Past Haunts Rep. Issa, Head Of Investigative Panel
RENEE MONTAGNE, Host:
MONTAGNE: Good morning. Thanks for having me.
MONTAGNE: Before we get to the new chairman, what exactly will be the power that he wields as the chairman of this particular committee?
MONTAGNE: You know, it's very interesting. The House rules say this committee may investigate quote, any matter. So literally, Darrell Issa has the power - has subpoena power, and he can subpoena anyone for any reason he wants. Now, obviously, he's bound by politics and the Republican leadership, who will keep him on somewhat of a leash. But it's a very powerful committee.
MONTAGNE: So investigate bad ideas, perhaps, your bad politics, but even bad deeds.
MONTAGNE: It can be anything. It can be a simple - and Chairman Issa has very carefully said that the last election was about spending, and that is his main priority. But he's being very careful these days to make sure that the public does not think that this committee is going to go out on partisan witch hunts. And that is the history of this committee.
MONTAGNE: Yes because in the past, this committee has been used to - at least - go after leaders of the other party.
MONTAGNE: Yeah. I mean, the history - if you think of Washington in the last few decades as just characterized by pure, partisan warfare, this committee has been at the center of some of the biggest battles. Back in the '90s, a congressman named Dan Burton - he really investigated the heck out of the Clinton administration; followed a lot of what were really conspiracy theories, and I think embarrassed himself in the process because he became known for chasing, you know, wild goose hunts. So Issa's very conscious of that history, very conscious of Dan Burton's reputation being sullied by his investigations, and is being very careful not to go down that same road.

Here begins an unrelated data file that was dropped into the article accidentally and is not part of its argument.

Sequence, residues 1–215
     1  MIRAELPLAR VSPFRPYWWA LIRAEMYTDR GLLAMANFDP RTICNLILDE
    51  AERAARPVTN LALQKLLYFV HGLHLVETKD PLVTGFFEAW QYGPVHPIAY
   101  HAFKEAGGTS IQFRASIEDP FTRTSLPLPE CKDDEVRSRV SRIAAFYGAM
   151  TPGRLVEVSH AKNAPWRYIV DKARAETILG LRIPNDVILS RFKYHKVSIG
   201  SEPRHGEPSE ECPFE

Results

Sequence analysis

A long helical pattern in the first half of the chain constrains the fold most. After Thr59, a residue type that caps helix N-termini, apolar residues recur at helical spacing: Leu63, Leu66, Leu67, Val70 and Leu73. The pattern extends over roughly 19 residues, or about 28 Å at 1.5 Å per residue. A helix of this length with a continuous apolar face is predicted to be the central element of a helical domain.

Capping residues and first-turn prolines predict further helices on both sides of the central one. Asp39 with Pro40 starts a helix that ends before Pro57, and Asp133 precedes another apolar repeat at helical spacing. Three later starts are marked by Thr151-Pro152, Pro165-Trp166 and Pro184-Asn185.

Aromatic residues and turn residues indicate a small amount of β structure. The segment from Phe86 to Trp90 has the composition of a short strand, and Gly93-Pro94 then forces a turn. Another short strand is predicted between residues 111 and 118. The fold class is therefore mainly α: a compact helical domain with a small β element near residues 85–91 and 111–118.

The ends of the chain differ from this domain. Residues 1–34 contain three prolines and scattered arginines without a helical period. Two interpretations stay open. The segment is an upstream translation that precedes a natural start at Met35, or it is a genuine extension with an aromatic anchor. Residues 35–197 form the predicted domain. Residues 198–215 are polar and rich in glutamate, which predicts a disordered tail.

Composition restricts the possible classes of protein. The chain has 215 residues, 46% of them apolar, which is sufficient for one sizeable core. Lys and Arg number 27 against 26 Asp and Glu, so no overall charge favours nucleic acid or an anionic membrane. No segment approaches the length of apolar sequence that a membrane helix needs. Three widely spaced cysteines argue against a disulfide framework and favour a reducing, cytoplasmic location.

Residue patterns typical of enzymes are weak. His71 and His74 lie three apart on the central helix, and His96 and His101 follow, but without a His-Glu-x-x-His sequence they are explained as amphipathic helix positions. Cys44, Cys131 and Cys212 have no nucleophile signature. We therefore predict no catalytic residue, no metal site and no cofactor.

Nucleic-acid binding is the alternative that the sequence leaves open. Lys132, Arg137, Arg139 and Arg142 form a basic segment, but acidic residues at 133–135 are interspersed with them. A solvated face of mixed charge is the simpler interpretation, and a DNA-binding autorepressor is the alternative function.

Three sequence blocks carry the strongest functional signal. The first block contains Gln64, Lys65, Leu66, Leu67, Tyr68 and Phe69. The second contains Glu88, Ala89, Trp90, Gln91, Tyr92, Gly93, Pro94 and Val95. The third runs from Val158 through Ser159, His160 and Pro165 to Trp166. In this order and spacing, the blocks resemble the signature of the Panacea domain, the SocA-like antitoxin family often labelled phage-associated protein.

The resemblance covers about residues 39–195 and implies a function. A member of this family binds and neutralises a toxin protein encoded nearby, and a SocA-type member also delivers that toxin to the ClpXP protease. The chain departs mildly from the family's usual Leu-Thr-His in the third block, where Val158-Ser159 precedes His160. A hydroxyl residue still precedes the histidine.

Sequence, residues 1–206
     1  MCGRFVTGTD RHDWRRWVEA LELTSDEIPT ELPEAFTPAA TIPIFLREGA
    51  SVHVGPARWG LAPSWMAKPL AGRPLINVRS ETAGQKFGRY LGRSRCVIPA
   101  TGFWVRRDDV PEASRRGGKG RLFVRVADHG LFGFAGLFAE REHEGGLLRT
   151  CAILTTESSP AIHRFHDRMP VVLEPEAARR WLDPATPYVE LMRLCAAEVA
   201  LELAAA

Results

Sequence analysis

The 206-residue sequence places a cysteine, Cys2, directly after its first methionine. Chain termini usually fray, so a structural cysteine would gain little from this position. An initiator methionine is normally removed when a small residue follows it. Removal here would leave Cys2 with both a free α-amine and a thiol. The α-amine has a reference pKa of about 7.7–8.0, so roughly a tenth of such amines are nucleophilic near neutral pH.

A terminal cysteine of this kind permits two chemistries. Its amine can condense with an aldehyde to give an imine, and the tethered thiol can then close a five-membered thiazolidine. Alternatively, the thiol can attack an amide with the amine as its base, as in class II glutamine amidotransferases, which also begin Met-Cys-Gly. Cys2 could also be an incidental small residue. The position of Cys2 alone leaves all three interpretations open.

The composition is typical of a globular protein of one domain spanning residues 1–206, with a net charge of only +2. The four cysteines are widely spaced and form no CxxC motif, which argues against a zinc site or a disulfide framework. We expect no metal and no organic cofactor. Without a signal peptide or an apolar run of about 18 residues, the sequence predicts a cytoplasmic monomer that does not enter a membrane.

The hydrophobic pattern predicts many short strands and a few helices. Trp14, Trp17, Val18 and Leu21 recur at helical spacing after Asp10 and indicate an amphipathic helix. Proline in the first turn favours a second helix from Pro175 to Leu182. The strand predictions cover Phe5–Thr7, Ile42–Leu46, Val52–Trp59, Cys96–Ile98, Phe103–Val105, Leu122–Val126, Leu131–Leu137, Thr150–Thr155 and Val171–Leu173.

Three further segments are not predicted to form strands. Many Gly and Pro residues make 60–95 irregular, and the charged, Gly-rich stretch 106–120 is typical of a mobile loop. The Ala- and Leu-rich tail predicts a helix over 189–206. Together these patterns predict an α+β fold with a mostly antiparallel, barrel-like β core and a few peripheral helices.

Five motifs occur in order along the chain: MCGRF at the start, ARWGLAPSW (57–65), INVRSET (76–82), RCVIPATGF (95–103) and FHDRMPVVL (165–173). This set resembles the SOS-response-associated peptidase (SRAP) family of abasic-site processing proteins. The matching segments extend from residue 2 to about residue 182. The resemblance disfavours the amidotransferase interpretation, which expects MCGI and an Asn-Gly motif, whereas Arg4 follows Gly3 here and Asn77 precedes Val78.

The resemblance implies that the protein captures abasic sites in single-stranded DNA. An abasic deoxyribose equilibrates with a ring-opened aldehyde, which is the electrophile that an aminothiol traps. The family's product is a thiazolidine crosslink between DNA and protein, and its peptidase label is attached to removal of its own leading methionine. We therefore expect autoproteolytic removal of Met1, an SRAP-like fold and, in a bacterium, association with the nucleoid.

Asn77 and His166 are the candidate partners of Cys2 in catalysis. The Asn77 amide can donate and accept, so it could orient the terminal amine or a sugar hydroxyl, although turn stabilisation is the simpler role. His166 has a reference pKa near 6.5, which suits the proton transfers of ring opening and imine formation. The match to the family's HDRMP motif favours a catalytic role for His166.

MONTAGNE: Your profile of congressman Issa spends a lot of time in his background, his history...
MONTAGNE: ...going back to when he was in his early 20s...
MONTAGNE: ...and some of the things that have dogged him. Describe some of that for us.
MONTAGNE: There are basically, that we know of, five incidents.
MONTAGNE: From what years?
MONTAGNE: From 1972 to 1982. There was one concealed weapon charge; there were three incidents involving stolen cars; and there was - the most serious allegation was his former business associates accuse him of burning down a building for the insurance money. Now, these are really serious allegations. They came up first when Darrell Issa ran in the Republican primary for the Senate from California, in 1998. These allegations probably cost him that primary. And this stuff has never gone away. As he said to me - he said, you can always build a circumstantial case.
MONTAGNE: The fire that destroyed his factory, the insurance company concluded it was arson. The Ohio state fire marshal, you write, never determined the cause of the fire. No charges were brought, but this fire back in 1982 - we're talking almost 30 years ago...
MONTAGNE: ...has haunted him to this day. I am wondering how you think that's affected him.
MONTAGNE: Well, I think the jury is out because he has not started his committee's work yet - or he's just starting it now. I will say this: Given the fact that during about 12 years of his life, he was charged or accused of committing crimes - he was investigated for sometimes weeks; in the case of the arson, that case went on for two years - so you think in that period of his life, being investigated, having to go to court, thinking perhaps that you're going to go to jail if these cases aren't dismissed, I wonder if maybe that has some impact on the care with which he will investigate this administration.
MONTAGNE: As you write, he's put certain things off-limits in terms of President Obama's past.
MONTAGNE: Yeah. Yeah, I mean...
MONTAGNE: Like the birther issue.
MONTAGNE: Well, in the line that he's drawn - and this is sort of interesting, given his own past - is, he wants to look at things that the Obama administration has done since Obama was elected. In other words, nothing personal to Obama before his election. And that's very different than what happened with Bill Clinton.
MONTAGNE: Ryan Lizza's profile of congressman Darrell Issa, titled "Don't Look Back," is in the current New Yorker. Transcript provided by NPR, Copyright NPR.